There are a lot of myths in the stem cell field, some even embraced by some stem cell scientists such as the notion that teratoma are always benign.
But when we start talking about translating stem cell technology into the clinic, to the bedside, it is especially important to cast aside our myths, no matter how comforting they might be.
One such myth is the idea that there can be a perfect or entirely “normal” stem cell, one that is definitely 100% safe. Another myth is that we must reach that milestone to move forward with stem cell based-regenerative medicine therapies.
Sometimes this Perfect, Safe Stem Cell Myth takes the form of scientists arguing that actual specific types of stem cells are already proven 100% safe.
Another form of this myth is the more idealized notion that if only we could do X, Y, and Z, then we could make completely safe stem cells.
The reality is that, at least from a transplant perspective, there is no such thing as a normal or safe stem cell. We have learned over the years that even drugs that we thought were relatively benign such as aspirin are extremely powerful and can have negative side effects in a surprising number of patients. The FDA views stem cells as drugs and like other drugs, stem cells are never going to be risk free. However, the importance of any given risk is all relative to the potential reward as well as the seriousness of the condition that a patient faces. What this means is that even mildly “abnormal” stem cells, even ones that might have some mutations, and might cause side effects in a certain percentage of patients, may still be meritorious drugs because the patients that might be treated with these cells would otherwise face death or lifelong disability.
What does this mean for human iPS and embryonic stem cells?
We have learned a great deal about how iPS cells contain mutations in their genomes as well as many other potential issues such as epigenetic changes.
It is crucial that these imperfections in iPS cells be addressed and they will be. In fact, I predict scientists can make iPS cells that are, at least relatively speaking, far more “normal” than any that now exist, but we also need to come to grips with the reality that there is never going to be a perfect iPS cell line.
The same is true for ES cells. I think it is safe to say that no ES cells are entirely 100% normal. ES cells are not the same as the inner cell mass cells (or individual blastomeres in the case of ACT) from which they were derived and any period of in vitro culture can readily cause some degree of mutations, even if we can’t easily detect them.
What’s important from a clinical standpoint is not whether we can call a certain iPS cell line entirely perfect or 100% “safe”, but how it might be used to help patients and whether the potential reward is worth the risk.
The bottom line is that there are millions of patients who might benefit from iPS and embryonic stem cell technology, many of them in dire need of help. It is exciting that both Advanced Cell Technology and Geron have started FDA approved Phase I or Phase I/II clinical trials, and these trials give hope to millions of people with blindness or spinal cord injury as well as their families.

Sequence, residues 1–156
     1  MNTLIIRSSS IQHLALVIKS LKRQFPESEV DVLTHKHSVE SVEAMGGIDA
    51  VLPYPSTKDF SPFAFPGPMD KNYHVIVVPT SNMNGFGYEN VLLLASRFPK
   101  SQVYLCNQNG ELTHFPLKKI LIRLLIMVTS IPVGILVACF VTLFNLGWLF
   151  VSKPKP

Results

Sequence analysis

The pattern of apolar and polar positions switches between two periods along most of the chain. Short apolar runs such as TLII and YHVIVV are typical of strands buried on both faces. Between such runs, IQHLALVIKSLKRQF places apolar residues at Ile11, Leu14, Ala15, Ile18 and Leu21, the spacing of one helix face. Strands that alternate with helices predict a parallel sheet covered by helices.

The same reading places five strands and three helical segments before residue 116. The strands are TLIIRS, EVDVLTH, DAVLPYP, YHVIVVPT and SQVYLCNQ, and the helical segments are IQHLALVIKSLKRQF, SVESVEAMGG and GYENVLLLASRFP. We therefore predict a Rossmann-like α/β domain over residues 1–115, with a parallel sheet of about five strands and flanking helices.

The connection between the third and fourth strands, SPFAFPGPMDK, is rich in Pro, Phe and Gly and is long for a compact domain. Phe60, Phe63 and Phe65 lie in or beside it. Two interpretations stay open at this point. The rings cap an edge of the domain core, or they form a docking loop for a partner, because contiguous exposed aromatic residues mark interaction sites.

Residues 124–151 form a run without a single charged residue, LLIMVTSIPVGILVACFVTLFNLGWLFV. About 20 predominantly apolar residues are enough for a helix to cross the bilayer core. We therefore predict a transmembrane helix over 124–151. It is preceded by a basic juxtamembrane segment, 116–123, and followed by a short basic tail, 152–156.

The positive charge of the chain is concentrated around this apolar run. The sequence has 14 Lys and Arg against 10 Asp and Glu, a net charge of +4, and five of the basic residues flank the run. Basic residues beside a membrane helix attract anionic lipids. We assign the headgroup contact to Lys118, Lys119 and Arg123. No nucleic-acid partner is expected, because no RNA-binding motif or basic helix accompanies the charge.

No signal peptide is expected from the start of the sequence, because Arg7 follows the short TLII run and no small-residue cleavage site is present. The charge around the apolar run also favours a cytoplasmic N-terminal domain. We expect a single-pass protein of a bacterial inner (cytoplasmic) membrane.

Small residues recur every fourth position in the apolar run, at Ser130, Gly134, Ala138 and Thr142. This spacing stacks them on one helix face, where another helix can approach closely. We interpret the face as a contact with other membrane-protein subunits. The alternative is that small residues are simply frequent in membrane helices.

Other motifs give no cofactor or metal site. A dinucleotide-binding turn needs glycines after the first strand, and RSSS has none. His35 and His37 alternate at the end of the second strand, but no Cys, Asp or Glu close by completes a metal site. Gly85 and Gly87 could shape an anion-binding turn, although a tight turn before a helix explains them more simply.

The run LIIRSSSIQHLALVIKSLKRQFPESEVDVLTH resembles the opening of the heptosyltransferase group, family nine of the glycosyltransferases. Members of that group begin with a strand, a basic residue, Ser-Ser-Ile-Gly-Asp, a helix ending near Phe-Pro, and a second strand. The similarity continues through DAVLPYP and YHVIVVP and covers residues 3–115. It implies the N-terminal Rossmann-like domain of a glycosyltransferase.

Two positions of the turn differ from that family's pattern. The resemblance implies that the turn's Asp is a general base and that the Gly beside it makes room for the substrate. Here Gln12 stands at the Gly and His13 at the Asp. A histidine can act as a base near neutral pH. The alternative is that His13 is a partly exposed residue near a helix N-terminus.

The first rule of medicine is “do no harm” but that does not equate to a mantra “medicines must have zero risk”.
If that were true, there would be no medicines at all.
So as we push to improve iPS cell technology, to enhance relative iPS cell safety by reducing the amount of mutations they have, to better understand the functional meaning of these mutations, and finally to really clarify just how tumorigenic different iPS cell lines are in a clinically relevant setting…we have to keep in mind that perfection is an illusion and should not be the only milestone for moving iPS cells to the clinic. The same is true for embryonic stem cell technology. If enough clinical trials get going, and stem cell-based drugs are approved to treat patients as I think they will be, at some point someone is going to get a tumor from stem cells. It may be one person out of a 100 or a 1000 who were otherwise treated safely. Even the best, “safest” drugs, will cause fatal side effects in some rare people. If you give 1000 people aspirin every day for a month, some are going to get sick from the aspirin and a couple might even die. The problem is that in the stem cell field there is so much politics and rhetoric that even if stem cell-based drugs are very safe overall, opponents of stem cell research will pounce on one negative outcome.
Any treatment whether it is an aspirin, open-heart surgery, or a stem cell-based transplant, has risk, but it is critically important to recognize that NOT treating patients because we have no FDA approved stem cell drugs has tremendous known risk. Not treating a patient means the patient will fail to get better and often will get worse.
I am arguably more obsessive about stem cell safety than almost anyone else especially when it comes to tumorigenicity, but I’m also a realist. I have not only studied cancer, but I have faced cancer myself and I have met cancer patients as well as other patients. When you are a patient, risk becomes very real, but so does illness. We need new treatments, even if they aren’t 100% perfect.